It’s probably too early to turn to the Consumer Financial Protection Bureau’s new website, consumerfinance.gov, for solutions and advice related to your personal financial choices. But there’s never been a better time to check out the site if you want to influence what it eventually will look like.
The website is being designed as a plain-English soup-to-nuts consumer guide for everything from student loans to retirement income. So far, the CFPB has managed to put up some good information on mortgages, credit cards and student debt. But it’s all subject to change, and the bureau hopes you’ll weigh in.
The CFPB is especially concerned with disclosure rules for now, Gail Hillebrand, associate director of the Consumer Education and Engagement Division, said last month. “We want to make sure the consumer is getting good information in the marketplace,” she said at the Financial Literacy and Education Summit 2012 in Chicago. “We want the stuff that is most important to pop out.” And add context—like, say, the cost of this loan would be equal to buying a new laptop each month.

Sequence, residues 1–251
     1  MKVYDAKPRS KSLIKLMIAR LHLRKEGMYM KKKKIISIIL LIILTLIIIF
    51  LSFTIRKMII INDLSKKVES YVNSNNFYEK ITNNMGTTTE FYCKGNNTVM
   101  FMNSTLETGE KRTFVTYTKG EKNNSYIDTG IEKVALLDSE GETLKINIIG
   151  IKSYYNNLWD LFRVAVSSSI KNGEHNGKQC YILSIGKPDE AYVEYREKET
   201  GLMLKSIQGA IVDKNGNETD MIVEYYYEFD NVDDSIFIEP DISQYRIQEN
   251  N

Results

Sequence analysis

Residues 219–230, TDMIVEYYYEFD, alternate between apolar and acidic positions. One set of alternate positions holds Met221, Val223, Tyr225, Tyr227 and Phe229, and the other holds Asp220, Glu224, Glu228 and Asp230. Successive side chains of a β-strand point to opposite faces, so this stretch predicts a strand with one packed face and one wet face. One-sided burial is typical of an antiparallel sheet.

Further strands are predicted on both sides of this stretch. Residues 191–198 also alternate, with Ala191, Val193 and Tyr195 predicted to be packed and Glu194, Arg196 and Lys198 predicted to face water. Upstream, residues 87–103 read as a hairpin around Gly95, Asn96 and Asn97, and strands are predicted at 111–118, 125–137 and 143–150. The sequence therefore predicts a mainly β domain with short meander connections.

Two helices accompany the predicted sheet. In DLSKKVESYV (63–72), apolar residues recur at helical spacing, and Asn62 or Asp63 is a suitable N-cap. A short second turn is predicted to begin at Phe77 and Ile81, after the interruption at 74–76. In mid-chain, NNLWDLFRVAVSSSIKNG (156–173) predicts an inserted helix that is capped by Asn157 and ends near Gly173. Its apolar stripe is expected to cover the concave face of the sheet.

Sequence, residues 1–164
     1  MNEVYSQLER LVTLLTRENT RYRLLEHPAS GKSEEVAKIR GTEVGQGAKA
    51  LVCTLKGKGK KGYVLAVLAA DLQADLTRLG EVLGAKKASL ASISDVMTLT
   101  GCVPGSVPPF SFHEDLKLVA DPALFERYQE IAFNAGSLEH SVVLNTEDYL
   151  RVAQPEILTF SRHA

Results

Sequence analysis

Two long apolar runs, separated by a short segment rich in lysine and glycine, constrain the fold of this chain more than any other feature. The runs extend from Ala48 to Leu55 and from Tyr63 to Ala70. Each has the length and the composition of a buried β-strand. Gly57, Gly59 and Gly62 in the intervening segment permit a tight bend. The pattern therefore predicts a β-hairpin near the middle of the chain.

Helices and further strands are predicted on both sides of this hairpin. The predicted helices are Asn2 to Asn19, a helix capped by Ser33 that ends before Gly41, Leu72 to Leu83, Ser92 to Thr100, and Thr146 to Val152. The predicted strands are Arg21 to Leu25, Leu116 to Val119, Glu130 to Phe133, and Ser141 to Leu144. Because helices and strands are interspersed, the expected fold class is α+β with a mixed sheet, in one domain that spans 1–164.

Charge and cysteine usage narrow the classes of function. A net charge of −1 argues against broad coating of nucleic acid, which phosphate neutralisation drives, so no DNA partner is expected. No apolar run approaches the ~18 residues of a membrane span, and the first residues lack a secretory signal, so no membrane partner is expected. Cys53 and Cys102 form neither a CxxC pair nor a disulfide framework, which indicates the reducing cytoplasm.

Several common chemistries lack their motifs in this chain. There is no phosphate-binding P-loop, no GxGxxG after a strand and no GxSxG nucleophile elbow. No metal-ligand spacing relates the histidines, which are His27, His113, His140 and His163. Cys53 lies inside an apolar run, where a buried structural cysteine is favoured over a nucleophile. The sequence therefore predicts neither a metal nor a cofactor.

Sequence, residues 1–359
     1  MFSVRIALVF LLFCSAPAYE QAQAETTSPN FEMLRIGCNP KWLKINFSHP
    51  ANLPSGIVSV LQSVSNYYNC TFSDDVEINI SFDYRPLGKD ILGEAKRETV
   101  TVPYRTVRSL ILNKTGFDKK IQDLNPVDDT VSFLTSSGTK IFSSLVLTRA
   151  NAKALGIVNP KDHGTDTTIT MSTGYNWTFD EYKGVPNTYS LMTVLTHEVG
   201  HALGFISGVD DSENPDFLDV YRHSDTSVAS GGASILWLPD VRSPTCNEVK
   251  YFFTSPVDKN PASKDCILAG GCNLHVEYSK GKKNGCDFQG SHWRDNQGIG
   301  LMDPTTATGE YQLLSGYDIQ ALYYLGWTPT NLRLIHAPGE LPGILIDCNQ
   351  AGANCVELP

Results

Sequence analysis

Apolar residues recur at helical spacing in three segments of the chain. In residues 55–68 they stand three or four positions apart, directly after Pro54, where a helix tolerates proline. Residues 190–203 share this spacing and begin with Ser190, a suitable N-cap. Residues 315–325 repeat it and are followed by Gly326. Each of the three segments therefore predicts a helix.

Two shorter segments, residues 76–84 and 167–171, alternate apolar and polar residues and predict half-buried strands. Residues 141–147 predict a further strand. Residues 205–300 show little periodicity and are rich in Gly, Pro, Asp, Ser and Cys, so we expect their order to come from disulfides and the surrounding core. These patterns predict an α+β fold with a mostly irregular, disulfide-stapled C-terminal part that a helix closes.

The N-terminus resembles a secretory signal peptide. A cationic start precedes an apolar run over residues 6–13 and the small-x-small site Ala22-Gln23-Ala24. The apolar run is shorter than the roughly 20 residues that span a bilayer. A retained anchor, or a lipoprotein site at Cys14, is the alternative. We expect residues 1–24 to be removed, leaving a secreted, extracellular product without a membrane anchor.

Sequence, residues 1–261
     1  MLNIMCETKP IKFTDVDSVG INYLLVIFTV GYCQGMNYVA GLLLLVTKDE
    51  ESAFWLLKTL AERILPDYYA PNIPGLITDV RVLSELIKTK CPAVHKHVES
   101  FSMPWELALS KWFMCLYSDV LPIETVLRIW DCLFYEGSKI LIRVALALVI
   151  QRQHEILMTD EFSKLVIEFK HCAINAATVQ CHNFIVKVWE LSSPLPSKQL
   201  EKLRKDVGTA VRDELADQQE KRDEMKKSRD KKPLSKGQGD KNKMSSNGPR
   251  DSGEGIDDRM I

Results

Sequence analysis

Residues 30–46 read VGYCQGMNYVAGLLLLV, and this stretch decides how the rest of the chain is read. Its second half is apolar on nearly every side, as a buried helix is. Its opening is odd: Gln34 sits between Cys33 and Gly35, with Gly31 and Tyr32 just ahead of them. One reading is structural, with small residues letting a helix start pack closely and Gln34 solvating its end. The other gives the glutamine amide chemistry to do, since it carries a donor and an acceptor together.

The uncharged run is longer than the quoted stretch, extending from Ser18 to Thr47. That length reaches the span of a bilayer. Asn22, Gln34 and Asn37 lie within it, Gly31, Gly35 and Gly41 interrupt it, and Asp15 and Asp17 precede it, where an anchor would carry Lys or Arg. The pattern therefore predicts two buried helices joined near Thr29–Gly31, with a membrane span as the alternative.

That’s a worthy goal. Who can decipher the many pages of fine print in a credit card agreement or mortgage application? Wouldn’t it be great if the important stuff were in large type? There’s only so much the CFPB can require. But any simplification would be a good thing. You can help by going to the website and clicking on “tell your story” or “submit a complaint.”
“First, we need a better marketplace,” Hillebrand said. “We want to unleash the power of informed consumer choice.” What works? What doesn’t? The CFPB has already simplified its model mortgage document, responding to comments that the earlier version was too complicated. This is all an extension of work being done by the Federal Task Force on Smart Disclosure, which was authorized last summer with the mission of organizing consumer information in a way that helps individuals make smarter money decisions.
One key theme running throughout the Summit, where Hillebrand spoke, was that less is more when it comes to educating individuals about personal finance. For example, the mechanics of compound interest aren’t all that important if you can just teach young people that it is good to start saving early. It’s also critical to reach people at the point of purchase.
As the CFPB develops its consumer site—with your help—it plans to refine sections on student loans, mortgages and credit cards before moving on to other issues. It’s not often that you have the chance to help shape the delivery of information that will help you most. Might as well log on and say what’s on your mind.